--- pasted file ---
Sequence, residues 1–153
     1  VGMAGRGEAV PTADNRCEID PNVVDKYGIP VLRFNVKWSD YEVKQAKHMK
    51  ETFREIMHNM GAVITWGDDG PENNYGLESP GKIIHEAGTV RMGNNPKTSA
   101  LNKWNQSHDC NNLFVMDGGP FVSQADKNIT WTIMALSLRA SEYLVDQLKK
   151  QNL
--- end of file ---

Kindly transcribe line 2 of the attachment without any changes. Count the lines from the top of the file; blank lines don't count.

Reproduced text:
     1  VGMAGRGEAV PTADNRCEID PNVVDKYGIP VLRFNVKWSD YEVKQAKHMK